We had to walk a bit, but it was not like hiking, it was a normal walk down from the level of the highway, towards the falls. The best part about the Dry Falls was that the path would actually take you inside the waterfall- literally!

Half way down

And we’re there

These pictures were taken from the highway side of the waterfall. As you can see in the picture above, there is a pathway which actually goes through the falls to the other side, and this particular quality of this waterfall was captivating. Here is one picture from ‘the other side’:

From ‘the other side’

As was promised, this post will end now- short and (hopefully) sweet! Anyway, this was a good experience as a lover of the mountains. I would definitely recommend driving to this place if you live nearby. You are traveling to some other place you could take a small detour if this place is close to your original travel path. Thanks for reading! Cheers! 🙂

Linville Falls, NC

Linville Falls is located in the Blue Ridge Mountains of North Carolina. The waterfall is a three-tier one and is a wonderful spectacle as it plunges into the Linville Gorge, sometimes termed as the “Grand Canyon of the Southern Appalachians”. The waterfall can be accessed through four hiking trails, three of which are located on one side of the river and the fourth one on the other side.

I could manage only one side of the river with the limited amount of time (and energy!) that was at my disposal, which means I could cover three of the four trails. From the visitor’s center, the Upper Falls trail is around 0.5 miles long and was the easiest of the lot. The hiking was not at all strenuous considering the view it offered. The picture below is courtesy of my good friend Subash Chandra Godar (I will borrow some good pictures from him time to time – he’s a better photographer than me).

Upper Falls

It was probably not the best time of the year that I decided to visit the Linville Falls, since it was early spring and greenery was fairly less. However, the beauty of the waterfall made up for it. After spending some time at the Upper Falls, we took the Chimney View Trail, which led us to the Chimney view of the waterfall and the gorge.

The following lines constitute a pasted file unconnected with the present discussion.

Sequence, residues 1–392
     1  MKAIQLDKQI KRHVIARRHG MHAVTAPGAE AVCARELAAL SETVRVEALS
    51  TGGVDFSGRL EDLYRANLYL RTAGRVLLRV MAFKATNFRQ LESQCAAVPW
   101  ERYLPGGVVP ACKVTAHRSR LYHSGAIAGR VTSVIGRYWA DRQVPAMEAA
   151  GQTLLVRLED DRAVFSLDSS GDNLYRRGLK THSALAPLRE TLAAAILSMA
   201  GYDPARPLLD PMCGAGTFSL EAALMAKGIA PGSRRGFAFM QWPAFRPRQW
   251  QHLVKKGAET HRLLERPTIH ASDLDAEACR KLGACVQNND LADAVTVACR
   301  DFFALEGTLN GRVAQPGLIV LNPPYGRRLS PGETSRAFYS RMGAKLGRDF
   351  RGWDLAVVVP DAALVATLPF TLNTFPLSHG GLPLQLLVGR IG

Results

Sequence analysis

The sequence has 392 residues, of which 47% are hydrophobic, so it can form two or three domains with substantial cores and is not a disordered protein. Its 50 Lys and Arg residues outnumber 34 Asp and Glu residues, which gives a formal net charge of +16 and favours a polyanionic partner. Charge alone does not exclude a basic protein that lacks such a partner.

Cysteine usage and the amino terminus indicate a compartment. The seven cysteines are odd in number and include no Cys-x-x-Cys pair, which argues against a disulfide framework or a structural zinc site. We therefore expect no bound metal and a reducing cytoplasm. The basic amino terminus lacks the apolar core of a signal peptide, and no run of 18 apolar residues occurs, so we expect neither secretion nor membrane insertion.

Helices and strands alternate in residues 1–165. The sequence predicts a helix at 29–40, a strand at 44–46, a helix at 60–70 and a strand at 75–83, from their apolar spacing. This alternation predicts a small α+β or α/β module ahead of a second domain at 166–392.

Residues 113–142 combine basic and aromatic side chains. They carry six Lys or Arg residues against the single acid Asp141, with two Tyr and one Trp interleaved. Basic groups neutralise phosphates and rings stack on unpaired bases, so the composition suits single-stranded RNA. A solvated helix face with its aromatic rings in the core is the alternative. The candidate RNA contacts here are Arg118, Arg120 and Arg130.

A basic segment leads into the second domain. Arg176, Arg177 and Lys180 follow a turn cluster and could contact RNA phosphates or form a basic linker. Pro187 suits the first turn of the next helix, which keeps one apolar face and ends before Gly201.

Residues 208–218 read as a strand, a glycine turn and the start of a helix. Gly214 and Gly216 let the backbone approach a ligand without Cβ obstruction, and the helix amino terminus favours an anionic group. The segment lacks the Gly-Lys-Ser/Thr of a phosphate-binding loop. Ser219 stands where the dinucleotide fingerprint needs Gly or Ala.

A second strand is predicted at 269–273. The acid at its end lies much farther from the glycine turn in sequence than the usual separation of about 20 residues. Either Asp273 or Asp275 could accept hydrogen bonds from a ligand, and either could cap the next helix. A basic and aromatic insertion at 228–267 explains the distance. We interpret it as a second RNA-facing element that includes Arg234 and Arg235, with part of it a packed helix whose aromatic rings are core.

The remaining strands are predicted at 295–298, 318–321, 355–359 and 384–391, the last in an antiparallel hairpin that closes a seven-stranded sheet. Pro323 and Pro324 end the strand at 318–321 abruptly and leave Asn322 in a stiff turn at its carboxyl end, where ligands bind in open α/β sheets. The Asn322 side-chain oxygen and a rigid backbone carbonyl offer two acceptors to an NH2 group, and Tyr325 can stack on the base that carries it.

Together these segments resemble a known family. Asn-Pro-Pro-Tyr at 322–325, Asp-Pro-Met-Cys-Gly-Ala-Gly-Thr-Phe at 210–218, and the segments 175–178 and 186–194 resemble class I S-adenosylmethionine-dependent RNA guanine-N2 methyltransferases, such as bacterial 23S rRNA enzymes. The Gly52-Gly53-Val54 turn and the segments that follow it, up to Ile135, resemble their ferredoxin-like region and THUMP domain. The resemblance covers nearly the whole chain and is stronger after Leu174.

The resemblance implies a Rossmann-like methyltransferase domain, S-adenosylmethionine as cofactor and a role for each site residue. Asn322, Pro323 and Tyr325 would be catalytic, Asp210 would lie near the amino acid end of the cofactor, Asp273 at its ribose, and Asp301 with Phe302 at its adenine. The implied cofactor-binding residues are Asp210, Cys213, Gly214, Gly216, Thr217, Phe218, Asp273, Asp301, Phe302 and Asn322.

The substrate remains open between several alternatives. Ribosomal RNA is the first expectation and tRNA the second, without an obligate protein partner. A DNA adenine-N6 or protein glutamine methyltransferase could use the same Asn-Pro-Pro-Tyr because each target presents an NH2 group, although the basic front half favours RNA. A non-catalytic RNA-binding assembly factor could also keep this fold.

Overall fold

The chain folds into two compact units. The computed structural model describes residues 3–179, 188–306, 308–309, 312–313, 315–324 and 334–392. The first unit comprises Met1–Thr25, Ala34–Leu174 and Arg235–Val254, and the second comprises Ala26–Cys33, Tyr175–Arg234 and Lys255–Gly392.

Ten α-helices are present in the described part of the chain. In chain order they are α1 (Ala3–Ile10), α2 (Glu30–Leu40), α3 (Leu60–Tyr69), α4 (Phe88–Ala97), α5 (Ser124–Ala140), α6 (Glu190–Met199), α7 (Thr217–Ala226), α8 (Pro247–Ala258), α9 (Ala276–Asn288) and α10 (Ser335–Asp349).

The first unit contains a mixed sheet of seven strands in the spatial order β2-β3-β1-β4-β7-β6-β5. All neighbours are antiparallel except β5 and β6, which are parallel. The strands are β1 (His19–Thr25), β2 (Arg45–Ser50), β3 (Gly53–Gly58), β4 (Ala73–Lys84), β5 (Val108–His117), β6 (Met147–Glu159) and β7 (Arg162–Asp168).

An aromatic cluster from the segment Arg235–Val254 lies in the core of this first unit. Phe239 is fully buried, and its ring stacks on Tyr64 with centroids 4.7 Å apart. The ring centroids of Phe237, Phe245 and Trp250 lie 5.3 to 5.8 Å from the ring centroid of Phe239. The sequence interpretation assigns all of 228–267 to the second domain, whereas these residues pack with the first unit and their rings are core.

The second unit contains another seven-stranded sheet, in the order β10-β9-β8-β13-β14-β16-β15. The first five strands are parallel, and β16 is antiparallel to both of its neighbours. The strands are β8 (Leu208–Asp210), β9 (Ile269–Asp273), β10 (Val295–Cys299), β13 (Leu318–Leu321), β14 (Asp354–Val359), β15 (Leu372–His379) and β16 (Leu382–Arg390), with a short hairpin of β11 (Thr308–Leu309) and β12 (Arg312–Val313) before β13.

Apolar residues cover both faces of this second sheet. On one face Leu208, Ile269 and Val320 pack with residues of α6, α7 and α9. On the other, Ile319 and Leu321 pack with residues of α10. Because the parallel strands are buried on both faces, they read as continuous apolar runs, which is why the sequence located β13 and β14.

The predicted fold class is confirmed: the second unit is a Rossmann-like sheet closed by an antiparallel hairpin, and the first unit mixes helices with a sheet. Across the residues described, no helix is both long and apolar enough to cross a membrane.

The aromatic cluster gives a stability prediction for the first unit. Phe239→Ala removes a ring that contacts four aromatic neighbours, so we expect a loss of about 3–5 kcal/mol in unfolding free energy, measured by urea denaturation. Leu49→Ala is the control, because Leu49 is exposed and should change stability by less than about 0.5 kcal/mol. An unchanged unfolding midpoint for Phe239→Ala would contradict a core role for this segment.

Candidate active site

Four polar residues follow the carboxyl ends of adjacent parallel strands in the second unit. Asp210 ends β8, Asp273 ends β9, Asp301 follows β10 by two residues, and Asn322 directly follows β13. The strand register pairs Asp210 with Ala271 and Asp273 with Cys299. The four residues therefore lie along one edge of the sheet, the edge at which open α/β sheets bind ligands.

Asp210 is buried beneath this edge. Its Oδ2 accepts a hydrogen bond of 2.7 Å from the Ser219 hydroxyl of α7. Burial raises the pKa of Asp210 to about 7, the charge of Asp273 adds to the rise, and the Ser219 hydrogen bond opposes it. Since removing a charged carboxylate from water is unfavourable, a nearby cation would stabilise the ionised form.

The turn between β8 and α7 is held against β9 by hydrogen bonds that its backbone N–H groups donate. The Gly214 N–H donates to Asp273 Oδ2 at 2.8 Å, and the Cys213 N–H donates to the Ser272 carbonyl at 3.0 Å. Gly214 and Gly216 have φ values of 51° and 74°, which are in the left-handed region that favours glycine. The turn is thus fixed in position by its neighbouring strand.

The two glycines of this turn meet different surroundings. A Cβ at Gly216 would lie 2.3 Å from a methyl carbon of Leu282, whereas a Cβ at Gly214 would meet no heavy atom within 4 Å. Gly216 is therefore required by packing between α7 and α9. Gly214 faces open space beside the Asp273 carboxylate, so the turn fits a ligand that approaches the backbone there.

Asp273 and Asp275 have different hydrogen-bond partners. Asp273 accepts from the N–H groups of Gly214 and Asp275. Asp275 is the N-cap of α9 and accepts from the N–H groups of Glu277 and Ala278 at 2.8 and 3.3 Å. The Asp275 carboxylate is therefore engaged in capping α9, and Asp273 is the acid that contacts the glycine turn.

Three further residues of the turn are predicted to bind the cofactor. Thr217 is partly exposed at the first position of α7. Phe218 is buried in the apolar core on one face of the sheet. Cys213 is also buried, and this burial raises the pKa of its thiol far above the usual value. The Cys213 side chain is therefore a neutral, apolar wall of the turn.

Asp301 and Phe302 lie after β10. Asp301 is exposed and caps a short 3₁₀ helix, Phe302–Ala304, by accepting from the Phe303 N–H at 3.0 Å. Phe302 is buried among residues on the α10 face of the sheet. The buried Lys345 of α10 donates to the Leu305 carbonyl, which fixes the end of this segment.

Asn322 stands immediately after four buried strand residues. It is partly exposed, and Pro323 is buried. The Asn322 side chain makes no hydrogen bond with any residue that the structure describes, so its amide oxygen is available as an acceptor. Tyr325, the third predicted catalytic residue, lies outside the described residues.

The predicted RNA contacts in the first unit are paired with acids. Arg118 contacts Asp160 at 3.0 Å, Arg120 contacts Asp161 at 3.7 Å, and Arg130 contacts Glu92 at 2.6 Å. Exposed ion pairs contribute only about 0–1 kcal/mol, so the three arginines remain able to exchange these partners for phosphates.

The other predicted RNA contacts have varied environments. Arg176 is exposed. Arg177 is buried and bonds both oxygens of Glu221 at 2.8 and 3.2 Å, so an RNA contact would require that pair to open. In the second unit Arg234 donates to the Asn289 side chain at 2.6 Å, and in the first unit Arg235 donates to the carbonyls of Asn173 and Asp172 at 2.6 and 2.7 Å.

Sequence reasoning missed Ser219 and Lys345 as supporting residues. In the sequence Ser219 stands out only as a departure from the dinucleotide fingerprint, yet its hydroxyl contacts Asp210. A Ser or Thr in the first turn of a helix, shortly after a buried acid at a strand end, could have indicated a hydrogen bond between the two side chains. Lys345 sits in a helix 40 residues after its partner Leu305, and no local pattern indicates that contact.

Chimney View of the Linville Falls and Gorge

As is evident from this picture above, I had some good company along with a good view. My camera wasn’t good enough to capture the magnificence of the beauty of the place, but I hope that even this very average picture conveys how much better the view would be for the eyes. After this viewpoint, we took the trail to the Erwin’s view of the falls.

Erwin’s View of the Linville Falls

The picture of the Erwin’s view is one where I zoomed in a little bit, but I still feel that the view was spectacular. This viewpoint didn’t provide a lot of room in the angle of viewing the waterfall, and I think the best one was the Chimney’s View. After this point, we moved on to the Gorge View, which, as the name suggests, had nothing to do with the waterfall, but it was a nice place to see the river flow away and disappear at the distance.

Gorge View

As I had indicated earlier, these pictures would have looked a lot better if I had visited this place in say, the Fall season. However, it was a fun trip with good friends and good vibes. On our way to the Linville Falls, we also stopped at Asheville, which in itself is an extremely nice place to visit, but more about it in another post some time soon.

Please feel free to leave your thoughts to this post. Thanks, and Cheers!